Microsoft the Monopolist Files Antitrust Complaint Vs. Google

By Clint Boulton  |  Posted 2011-03-31 Print this article Print

Ever since Foundem, eJustice and Ciao filed antitrust complaints with the European Commission in Brussels that Google was affecting their ability to do business online, it had been rumored that Microsoft had been behind the complainants, supporting them.

The speculation is now moot. In a move drenched in irony thick enough to choke on, Microsoft has formally added a complaint to the European Commission that Google has violated European competition law in search, advertising and other areas.

For a history refresher, Foundem, eJustice and Ciao alleged in February 2010 that Google is not respecting fair competition.

Specifically, and Foundem, a member of an organization called ICOMP funded partly by Microsoft to lobby against Google in Europe, said that Google's search algorithms demote their sites in Google search results because they are a vertical search engine and so a direct competitor to Google.

Microsoft acquired Ciao, a long-time AdSense partner of Google's, in 2008 and renamed it Ciao from Bing. Shortly after the buy, Google said it began receiving complaints about its standard terms and conditions.

After months of deliberation (and, no doubt, information gathering), the EC formally opened an antitrust investigation against Google last November:

The Commission is looking into whether Google has abused a dominant market position in online search by lowering the ranking of unpaid search results of competing services, whether Google lowered the quality score for sponsored links of competing search services and whether Google prevented ad partners from placing competing ads from some vendors on their Websites.

Microsoft March 30 joined the fray with its own allegations. Brad Smith, senior vice president and general counsel for Microsoft, noted:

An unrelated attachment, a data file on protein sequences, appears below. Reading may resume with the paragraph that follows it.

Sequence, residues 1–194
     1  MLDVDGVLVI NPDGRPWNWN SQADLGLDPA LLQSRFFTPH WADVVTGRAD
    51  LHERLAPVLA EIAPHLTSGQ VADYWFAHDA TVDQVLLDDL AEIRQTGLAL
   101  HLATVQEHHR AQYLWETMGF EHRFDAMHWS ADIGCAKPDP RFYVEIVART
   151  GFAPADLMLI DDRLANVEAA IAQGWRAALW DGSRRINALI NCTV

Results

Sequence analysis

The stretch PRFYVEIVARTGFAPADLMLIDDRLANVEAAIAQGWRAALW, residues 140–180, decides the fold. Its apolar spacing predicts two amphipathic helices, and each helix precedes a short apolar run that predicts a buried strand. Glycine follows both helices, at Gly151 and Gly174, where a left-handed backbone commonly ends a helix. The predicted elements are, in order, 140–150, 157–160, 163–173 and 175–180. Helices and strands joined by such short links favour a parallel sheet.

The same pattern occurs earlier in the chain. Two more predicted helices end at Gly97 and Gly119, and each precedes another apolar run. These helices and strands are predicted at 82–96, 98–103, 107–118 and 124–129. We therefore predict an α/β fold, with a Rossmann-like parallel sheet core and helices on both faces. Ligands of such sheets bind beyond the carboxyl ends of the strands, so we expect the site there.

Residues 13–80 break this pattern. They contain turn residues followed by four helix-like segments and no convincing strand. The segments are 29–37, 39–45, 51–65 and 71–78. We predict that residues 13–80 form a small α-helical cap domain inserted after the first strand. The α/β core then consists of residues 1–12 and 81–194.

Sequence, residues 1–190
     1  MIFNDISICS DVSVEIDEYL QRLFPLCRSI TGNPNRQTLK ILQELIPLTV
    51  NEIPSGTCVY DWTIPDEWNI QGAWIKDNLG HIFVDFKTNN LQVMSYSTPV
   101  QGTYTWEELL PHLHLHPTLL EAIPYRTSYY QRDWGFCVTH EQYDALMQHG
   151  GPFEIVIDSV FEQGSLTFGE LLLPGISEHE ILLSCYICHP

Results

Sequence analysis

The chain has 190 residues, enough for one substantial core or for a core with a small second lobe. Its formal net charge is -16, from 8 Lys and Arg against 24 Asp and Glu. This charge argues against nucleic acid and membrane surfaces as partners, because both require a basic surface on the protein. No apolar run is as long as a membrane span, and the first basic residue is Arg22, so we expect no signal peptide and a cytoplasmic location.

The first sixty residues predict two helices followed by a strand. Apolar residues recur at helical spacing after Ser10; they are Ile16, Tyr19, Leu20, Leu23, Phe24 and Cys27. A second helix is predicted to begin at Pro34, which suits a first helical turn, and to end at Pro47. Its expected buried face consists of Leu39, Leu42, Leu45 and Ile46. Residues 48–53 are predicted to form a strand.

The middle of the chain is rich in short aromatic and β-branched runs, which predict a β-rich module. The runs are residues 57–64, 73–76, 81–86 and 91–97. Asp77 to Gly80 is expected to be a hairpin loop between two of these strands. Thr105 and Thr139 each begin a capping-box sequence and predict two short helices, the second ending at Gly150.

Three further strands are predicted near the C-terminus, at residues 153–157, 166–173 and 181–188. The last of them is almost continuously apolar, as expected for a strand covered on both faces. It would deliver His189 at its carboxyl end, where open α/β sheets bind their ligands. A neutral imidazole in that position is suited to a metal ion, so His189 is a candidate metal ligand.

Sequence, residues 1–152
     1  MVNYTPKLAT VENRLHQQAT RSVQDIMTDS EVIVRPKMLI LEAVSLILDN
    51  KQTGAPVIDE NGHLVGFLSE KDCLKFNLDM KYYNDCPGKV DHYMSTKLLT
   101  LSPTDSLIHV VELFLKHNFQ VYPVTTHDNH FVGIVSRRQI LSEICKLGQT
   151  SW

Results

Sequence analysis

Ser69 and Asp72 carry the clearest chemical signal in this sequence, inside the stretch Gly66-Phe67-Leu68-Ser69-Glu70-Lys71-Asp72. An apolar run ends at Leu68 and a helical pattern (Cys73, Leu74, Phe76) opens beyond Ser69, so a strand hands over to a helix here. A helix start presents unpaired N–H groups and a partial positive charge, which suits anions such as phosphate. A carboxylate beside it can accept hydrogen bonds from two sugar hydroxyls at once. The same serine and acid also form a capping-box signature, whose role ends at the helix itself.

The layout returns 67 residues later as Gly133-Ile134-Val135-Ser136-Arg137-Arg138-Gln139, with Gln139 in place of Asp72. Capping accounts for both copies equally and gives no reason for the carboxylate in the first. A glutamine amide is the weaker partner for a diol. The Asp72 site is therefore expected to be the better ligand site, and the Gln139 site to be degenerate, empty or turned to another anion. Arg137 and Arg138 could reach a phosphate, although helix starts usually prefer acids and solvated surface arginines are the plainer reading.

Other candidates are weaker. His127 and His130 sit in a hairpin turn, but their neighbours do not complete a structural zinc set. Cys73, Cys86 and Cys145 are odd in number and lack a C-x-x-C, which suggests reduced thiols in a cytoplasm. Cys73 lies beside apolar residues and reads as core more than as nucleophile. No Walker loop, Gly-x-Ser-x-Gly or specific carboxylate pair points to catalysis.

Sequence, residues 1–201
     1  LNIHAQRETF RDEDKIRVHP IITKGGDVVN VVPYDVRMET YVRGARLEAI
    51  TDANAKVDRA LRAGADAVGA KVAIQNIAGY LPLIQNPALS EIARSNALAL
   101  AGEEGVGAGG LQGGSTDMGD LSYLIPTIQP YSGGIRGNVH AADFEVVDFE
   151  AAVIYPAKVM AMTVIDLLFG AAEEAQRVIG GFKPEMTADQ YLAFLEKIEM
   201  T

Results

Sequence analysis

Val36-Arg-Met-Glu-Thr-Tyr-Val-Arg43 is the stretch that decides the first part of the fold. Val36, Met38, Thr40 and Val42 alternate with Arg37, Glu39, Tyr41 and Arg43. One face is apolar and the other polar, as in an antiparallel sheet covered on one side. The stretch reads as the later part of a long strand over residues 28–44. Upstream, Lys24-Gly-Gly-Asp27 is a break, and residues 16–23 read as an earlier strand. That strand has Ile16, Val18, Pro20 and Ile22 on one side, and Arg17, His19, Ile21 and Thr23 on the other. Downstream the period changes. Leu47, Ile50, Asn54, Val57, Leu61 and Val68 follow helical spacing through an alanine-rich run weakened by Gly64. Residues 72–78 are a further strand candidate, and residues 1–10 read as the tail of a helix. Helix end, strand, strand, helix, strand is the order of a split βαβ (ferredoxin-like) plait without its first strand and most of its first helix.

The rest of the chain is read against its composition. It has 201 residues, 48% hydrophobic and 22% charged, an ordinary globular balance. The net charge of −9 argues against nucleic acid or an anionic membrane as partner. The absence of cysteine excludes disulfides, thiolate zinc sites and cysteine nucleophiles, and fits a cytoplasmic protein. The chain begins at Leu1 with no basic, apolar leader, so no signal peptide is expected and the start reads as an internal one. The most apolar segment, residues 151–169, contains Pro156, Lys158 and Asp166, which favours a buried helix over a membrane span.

Google has built its business on indexing and displaying snippets of other organizations' Web content. It understands as well as anyone that search engines depend upon the openness of the Web in order to function properly, and it's quick to complain when others undermine this. Unfortunately, Google has engaged in a broadening pattern of walling off access to content and data that competitors need to provide search results to consumers and to attract advertisers.

Smith listed six specific areas of concern where Google is behaving in an anticompetitive manner:

  • Google restricts its Bing search engine from properly accessing it for its search results;
  • Google blocked Microsoft's new Windows Phones from operating with YouTube the way Google Android and iPhone do;
  • Google is seeking to block access to content owned by book publishers;
  • Google is restricting its advertisers' access to their own data, prohibiting advertisers from using their data in an interoperable way with other search advertising platforms, such as Microsoft's adCenter;
  • Google contractually blocks leading Websites in Europe from distributing competing search boxes;
  • Google discriminates against competitors by making it more costly for them to attain prominent placement for their advertisements.

A note about the book thing: U.S. federal court already slapped that Google Books proposal down, so it's sort of moot.

The rest may be valid, or they may be simply sour grapes from a company woefully behind Google in the search market, and really on the whole Internet since Google through search is the ultimate gatekeeper. Google commands 65 percent of search share in the U.S. and 90 percent overseas. Bing has about 13 percent market share in the U.S.

A Google spokesperson told me today:

We're not surprised that Microsoft has done this, since one of their subsidiaries [Ciao] was one of the original complainants. For our part, we continue to discuss the case with the European Commission, and we're happy to explain to anyone how our business works.

If the EC agrees with Microsoft and its lower-profile complainants, the EC may fine Google 10 percent of its annual revenue, which was $29 billion last year. That's a princely $2.9 billion fine, even for Google's big coffers.

If Microsoft gets its demands met by the EC and Google is stopped on all six counts, we might see Microsoft get better access to YouTube for Bing and other services, but I'm not sure how material this will be for either company.

In other words, what does Microsoft hope to achieve besides giving Google the same black eye browser makers, Adobe and others gave to Microsoft as complainants in Europe's case versus the software giant nearly a decade ago?

It won't be any moral victory considering the company was viewed as amoral by governments home and abroad a decade ago.

Perhaps the biggest thing to come of this is that an EC condemnation will force the U.S. regulators such as the Federal Trade Commission and the Justice Department to take complaints from U.S. attorney generals more seriously |

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